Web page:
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UK's Foreign Secretary Dominic Raab arrives in Hanoi for further economic ties
Minh Vu 22:13, 2021/06/22
Vietnam and the UK look forward to building on the strategic partnership with a focus on trade ties.

Dominic Raab, British Foreign Secretary & First Secretary of State, has met with top leaders of Vietnam in Hanoi on June 22 to discuss trade and economic ties to tap the UK-Vietnam Free Trade Agreement (UKVFTA) that took effect on May 1.

Dominic Raab, British Foreign Secretary & First Secretary of State (L), and Vietnam's President Nguyen Xuan Phuc in Hanoi on June 22. Photo: MoFA 

At the meetings with Vietnam’s President Nguyen Xuan Phuc, Prime Minister Pham Minh Chinh, and Foreign Minister Bui Thanh Son, the two sides look forward to building on the strategic partnership with a focus on trade ties.

In the visit to Vietnam on June 21-22, Raab delivered a speech at the Asia-Europe Meeting (ASEM) High-Level Policy Dialogue (HLPD). He focused on the British roadmap for the Comprehensive and Progressive Agreement for Trans-Pacific Partnership (CPTPP)’s accession as the UK looks to explore new opportunities following its departure from the European Union and strengthen its strategic interests in Asia.

Joining the CPTPP is expected to help the UK get access to fast-growing economies across Asia-Pacific and the Americas, including Mexico, Malaysia, and Vietnam.

Vietnam is the start of his Southeast Asia visit to discuss the UK’s Indo-Pacific tilt. During the visit, Raab looks forward to discussing trade, security, and tackling challenges such as climate change, Covid-19, and serious organized crime.

In Hanoi, the UK's Foreign Secretary seeks Vietnam’s support for its accession to the CPTPP that London considers “a big step towards a stronger trading relationship with the Indo-Pacific region and will create jobs and opportunities for British businesses” as Raab tweeted.

They have also agreed to upgrade the status of the relations to a further level in the next 10 years.

Dominic Raab and Vietnam's Foreign Minister Bui Thanh Son in Hanoi on June 22. Photo: Baoquocte

Regarding the trade ties, Vietnam and the UK signed the UKVFTA in London on December 29, 2020, mostly based on the terms of the EU-Vietnam Free Trade Agreement (EVFTA) and adjustments to be suitable with the bilateral trade.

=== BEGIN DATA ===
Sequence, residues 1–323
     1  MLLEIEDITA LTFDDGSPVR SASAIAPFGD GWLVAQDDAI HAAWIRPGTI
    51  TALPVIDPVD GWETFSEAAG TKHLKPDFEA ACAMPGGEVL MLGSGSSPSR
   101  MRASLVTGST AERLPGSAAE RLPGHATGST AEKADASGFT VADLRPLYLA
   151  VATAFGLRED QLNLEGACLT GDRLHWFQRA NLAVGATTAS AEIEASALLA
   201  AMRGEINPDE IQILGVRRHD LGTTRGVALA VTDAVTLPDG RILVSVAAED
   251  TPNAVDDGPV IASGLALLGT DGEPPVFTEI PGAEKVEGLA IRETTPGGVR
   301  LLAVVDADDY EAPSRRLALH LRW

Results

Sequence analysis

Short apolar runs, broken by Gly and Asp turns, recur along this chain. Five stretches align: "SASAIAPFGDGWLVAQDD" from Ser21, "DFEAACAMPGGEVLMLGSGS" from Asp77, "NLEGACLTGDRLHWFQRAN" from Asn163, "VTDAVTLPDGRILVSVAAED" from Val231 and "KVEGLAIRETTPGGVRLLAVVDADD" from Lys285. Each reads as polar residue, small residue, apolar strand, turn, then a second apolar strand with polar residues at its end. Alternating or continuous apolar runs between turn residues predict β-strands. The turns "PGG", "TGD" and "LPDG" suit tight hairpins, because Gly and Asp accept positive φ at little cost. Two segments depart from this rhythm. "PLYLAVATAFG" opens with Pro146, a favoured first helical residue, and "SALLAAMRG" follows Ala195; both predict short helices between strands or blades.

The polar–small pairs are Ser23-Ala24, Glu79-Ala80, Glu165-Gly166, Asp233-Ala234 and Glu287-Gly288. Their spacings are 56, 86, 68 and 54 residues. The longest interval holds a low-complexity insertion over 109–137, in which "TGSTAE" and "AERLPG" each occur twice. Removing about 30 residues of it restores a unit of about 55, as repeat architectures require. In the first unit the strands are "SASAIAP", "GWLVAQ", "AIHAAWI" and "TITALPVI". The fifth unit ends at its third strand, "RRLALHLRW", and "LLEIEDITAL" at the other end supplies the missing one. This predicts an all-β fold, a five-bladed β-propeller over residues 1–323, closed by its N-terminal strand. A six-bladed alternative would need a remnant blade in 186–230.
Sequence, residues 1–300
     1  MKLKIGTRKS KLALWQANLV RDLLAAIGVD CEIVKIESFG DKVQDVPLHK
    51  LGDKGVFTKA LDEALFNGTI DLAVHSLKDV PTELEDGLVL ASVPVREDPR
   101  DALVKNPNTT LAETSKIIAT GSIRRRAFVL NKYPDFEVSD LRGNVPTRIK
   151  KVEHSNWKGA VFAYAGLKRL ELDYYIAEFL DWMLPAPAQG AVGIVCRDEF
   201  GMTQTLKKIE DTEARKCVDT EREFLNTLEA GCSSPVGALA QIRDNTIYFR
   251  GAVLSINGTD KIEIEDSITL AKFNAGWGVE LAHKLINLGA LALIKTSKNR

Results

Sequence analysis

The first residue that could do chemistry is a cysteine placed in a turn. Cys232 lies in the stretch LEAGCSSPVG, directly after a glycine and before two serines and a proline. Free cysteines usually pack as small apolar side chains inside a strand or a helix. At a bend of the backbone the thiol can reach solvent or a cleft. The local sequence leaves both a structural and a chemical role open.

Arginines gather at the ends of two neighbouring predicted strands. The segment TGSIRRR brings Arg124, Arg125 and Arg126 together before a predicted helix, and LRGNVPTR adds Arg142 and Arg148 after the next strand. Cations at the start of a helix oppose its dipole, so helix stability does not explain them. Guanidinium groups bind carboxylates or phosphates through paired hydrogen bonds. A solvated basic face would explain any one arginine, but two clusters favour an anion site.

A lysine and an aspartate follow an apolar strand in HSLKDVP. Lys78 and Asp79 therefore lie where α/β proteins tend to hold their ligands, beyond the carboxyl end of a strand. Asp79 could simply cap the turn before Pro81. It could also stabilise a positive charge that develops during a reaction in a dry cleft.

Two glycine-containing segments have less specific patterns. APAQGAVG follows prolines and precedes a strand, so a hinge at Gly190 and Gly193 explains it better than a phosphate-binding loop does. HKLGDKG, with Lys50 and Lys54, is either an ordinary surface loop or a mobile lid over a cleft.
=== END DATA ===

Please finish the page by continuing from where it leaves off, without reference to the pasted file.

Bilateral trade tripled from 2010 to 2019 to around US$7 billion. Currently, the UK is Vietnam’s second-largest export market in Europe.

The trade agreement will also help reduce tariffs to zero and eliminate non-tariff barriers on most goods from both countries under a short roadmap and help boost the volume of goods from both sides entering the other’s market, enhancing economic cohesion between the two strategic partners.

The UKVFTA will pave the way for a new wave of foreign direct and indirect investments from the UK in Vietnam in the former’s areas of strength, such as renewable energy and environmental technology.

In terms of investment, the UK poured roughly US$3.84 billion in 411 projects in Vietnam as of end-2020, ranking the 15th out of 139 countries investing in Vietnam. Its big companies operating in the country include BP, Rolls-Royce, Vodafone, P&O, GlaxoSmithKline, HSBC, Standard Chartered, and Prudential.

On the same day, Raab worked with Vietnam’s Public Security Minister To Lam on illegal immigration, human trafficking, and transnational crime.

Meanwhile, Raab held a valuable discussion with Vietnamese Deputy Prime Minister Pham Binh Minh on the situation in the South China Sea and the importance of upholding international law.

On the international agendas, the two sides maintained close coordination in the UN Security Council when Vietnam has worked as a non-permanent member in 2008-2009 and 2020-2021 terms and of the UN Human Rights Council in 2014-2016.

The UK took advantage of Vietnam’s ASEAN Chair 2020 to extend relations with ASEAN member states.

Last September, during Raab’s visit to Hanoi, Vietnam and the UK released the joint statement on deepening the strategic partnership, which focuses on seven fields of cooperation namely political, global and regional issues, trade and investment, sustainable socio-economic development, education and training, science and technology, security and defense, and people-to-people links.

 Dominic Raab delivers the speech at the ASEM dialogue in Hanoi on June 22. Photo: Dominic Raab's Twitter 
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